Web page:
AgronomyZebra chip pathogen detected in psyllids in Alberta

Zebra chip pathogen detected in psyllids in Alberta

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Although the zebra chip pathogen Candidatus Liberibacter solanacearum (Lso) has been detected in small numbers of potato psyllids in two sites in Alberta, no zebra chip symptoms or pathogen has been found in potato plant tissue.

During three years of sampling for potato psyllids (Bactericera cockerelli) across Canada, the Canadian Potato Psyllid and Zebra Chip Monitoring Network found small numbers in Alberta (2015-2017, increasing annually), Saskatchewan (first time in 2016) and Manitoba (first adults, 2016). No potato psyllids have been found on sample cards from any sites east of Manitoba.

Now for the first time, after testing almost 1,000 psyllids, the Lso pathogen that causes zebra chip disease has been detected. The results are from DNA analysis conducted in the Kawchuk lab of the Lethbridge Research Centre, from psyllids found on sampling cards examined in the Johnson lab at the University of Lethbridge.

“So far, it has appeared in small numbers of potato psyllids,” says Dan Johnson, the network’s principal investigator. “The initial detections were from one site, south of Highway 3, monitored by the University of Lethbridge, so we took steps to increase sampling intensity. A week later, potato psyllids from a well-separated second site, north of Highway 3, also tested positive, indicating that it is likely that we have a widespread incidence of Lso at a very low level, rather than a single random arrival or importation.”

In southern Alberta, the range of potato psyllids has expanded to sites throughout the potato-growing area, where in 2017 they appeared on sampling cards of over 70 per cent of 45 sites regularly sampled.

“In our sampling program, the sampling cards are examined, and the numbers of potato psyllids, other psyllids and key natural enemies of psyllids, aphids and thrips are recorded,” says Johnson. “Natural enemy numbers declined in 2017 [and] numbers of potato psyllids remain very low throughout the area. But higher average counts and individual sample counts as high as six potato psyllids on one sample card in the sites we monitor indicate that the population is increasing, compared to 2016 and 2015.”

Johnson and his team – including Larry Kawchuk with Agriculture and Agri-Food Canada, Lethbridge Research Centre, and Scott Meers, insect specialist with Alberta Agriculture and Forestry – are conducting more collections, with sample examinations and insect identification done at the University of Lethbridge, and DNA testing (LRC) to determine when and if the positive detections will decline in numbers.

Potato psyllids, free from Lso, have also been found in at least two greenhouses where they also infest peppers and tomatoes. The possibility of importation on plant material and subsequent transfer of Lso to our resident potato psyllid population is also being considered.

Sequences of the Lso show 100 per cent similarity to Lso isolates from the Pacific Northwest U.S., indicating probable similar pathogenicity. Only a small proportion of the potato psyllids collected in Alberta field sites have Lso, and laboratory work continues to work through and characterize samples of potato tissue as well the vector status and possible origins of as any additional potato psyllids captured in 2017.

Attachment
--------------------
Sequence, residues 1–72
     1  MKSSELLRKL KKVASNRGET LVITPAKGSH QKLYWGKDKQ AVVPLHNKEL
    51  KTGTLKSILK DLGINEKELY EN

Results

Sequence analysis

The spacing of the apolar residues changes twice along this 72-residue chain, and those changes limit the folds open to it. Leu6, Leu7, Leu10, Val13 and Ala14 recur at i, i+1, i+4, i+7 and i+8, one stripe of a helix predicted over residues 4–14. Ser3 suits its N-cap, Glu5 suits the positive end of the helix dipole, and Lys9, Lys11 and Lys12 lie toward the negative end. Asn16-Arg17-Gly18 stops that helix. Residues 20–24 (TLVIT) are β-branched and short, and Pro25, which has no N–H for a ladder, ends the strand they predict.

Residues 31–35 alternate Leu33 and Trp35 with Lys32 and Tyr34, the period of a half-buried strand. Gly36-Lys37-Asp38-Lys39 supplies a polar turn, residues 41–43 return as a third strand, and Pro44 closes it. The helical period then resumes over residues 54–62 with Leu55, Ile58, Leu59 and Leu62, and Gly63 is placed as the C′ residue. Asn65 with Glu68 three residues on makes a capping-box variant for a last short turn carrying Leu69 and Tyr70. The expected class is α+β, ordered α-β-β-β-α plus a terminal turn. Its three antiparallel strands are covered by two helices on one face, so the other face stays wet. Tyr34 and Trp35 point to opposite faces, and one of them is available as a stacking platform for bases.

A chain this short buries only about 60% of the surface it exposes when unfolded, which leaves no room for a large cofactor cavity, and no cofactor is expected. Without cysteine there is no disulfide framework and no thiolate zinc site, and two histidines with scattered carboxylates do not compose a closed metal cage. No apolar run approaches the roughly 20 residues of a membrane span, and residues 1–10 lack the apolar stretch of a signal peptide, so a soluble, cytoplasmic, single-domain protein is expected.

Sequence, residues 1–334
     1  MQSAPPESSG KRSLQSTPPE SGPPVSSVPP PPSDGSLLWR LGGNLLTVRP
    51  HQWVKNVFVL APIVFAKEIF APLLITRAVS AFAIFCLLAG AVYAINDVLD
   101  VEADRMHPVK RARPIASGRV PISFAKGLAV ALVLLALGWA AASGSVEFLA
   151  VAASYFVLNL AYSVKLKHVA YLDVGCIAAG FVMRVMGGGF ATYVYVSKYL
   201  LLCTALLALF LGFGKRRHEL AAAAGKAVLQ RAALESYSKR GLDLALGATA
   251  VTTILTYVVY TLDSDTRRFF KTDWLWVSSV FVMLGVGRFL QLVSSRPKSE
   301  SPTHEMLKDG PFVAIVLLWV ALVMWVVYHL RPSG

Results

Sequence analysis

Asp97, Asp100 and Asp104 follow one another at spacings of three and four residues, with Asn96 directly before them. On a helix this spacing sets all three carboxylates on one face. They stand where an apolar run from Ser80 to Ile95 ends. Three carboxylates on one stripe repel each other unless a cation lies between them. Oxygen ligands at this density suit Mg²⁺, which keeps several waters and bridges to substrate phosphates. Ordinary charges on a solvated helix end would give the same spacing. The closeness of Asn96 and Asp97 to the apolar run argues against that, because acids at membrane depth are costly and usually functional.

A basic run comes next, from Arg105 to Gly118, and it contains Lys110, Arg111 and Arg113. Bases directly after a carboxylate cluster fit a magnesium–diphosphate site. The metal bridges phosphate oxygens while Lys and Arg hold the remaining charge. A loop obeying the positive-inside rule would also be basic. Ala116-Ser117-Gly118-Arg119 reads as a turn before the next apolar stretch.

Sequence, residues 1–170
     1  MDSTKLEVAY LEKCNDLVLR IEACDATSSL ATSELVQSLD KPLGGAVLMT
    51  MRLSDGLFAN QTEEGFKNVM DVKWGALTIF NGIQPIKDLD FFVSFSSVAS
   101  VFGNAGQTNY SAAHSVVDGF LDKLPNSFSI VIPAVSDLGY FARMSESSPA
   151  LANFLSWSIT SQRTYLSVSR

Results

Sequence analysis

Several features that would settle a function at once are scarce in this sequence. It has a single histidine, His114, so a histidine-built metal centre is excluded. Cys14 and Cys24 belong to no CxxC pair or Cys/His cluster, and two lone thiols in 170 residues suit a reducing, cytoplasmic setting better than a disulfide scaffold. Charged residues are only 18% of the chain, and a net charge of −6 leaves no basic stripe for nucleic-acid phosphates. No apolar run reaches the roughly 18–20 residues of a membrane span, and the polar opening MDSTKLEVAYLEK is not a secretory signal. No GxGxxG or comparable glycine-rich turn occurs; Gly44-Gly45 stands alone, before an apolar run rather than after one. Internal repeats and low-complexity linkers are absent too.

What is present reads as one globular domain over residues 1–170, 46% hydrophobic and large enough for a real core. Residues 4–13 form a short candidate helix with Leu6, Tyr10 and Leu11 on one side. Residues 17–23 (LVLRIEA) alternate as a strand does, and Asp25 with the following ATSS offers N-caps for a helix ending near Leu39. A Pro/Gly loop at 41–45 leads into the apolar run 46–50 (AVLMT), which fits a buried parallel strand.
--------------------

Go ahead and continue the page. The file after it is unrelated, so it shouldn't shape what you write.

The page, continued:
“It is important to note that potato psyllids numbers in all Alberta sites are very low, with many cards capturing none,” says Johnson. “Sweep net and vacuum sampling almost never finds any in Alberta. In other regions, zebra chip does not normally become a problem unless the potato psyllids are found at much higher numbers than are currently found in Canada.”

The next steps, according to Johnson, will include further testing, but so far no zebra chip has been detected.

“We initially informed the potato growers, Potato Growers of Alberta and Canadian Horticultural Council so they could circulate this information and discuss the implications.”

Going forward, Johnson’s team will increase monitoring for potato psyllids near collection sites where Lso was detected, and will monitor in other ways, such as with nets, vacuums, weed examination and plant examination/collection for overwintering potato psyllids in nearby fields during the harvest and post-harvest season. Monitoring will also be conducted on surrounding vegetation after harvest to detect overwintering potato psyllids.

“Plant samples, including harvested potatoes, should be tested from these sites, although it is very unlikely that zebra occurs in these yet,” notes Johnson. “But managers should be made aware of the need for monitoring stored potatoes.”

The team will also continue to monitor potential natural enemies, with efforts to determine to what extent they could reduce future potato psyllid numbers. Natural enemy numbers can be sampled from the same cards as the potato psyllids, with additional collecting methods where required.

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